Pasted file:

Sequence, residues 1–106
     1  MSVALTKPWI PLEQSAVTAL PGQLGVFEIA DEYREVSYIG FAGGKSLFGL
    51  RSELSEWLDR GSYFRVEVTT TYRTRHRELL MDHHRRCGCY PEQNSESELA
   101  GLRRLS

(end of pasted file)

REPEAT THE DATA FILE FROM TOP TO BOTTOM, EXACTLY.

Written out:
Sequence, residues 1–106
     1  MSVALTKPWI PLEQSAVTAL PGQLGVFEIA DEYREVSYIG FAGGKSLFGL
    51  RSELSEWLDR GSYFRVEVTT TYRTRHRELL MDHHRRCGCY PEQNSESELA
   101  GLRRLS